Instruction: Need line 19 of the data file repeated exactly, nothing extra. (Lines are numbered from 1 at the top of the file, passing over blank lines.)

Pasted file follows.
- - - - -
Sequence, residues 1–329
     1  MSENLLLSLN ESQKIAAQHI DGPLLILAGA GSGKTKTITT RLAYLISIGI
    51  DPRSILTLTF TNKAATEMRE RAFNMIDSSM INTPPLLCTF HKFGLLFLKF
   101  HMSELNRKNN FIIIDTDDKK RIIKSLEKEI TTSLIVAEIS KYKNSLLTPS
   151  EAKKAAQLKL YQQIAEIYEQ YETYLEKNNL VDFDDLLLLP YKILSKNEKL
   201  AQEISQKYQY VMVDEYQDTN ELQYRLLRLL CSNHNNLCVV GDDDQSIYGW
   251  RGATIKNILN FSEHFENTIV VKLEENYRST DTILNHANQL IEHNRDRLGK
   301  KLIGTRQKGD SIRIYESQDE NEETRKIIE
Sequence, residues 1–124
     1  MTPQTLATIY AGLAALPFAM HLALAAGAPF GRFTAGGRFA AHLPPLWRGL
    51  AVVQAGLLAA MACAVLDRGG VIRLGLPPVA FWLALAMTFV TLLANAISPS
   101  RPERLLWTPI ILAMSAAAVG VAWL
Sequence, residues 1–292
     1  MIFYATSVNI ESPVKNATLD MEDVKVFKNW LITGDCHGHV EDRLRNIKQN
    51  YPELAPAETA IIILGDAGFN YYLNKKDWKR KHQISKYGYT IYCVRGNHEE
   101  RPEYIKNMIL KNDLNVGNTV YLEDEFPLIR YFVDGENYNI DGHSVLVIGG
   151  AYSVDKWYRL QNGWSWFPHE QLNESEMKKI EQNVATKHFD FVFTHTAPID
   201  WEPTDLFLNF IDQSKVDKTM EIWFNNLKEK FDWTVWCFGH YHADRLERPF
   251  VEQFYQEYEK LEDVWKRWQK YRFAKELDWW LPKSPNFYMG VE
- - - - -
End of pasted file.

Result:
   251  VEQFYQEYEK LEDVWKRWQK YRFAKELDWW LPKSPNFYMG VE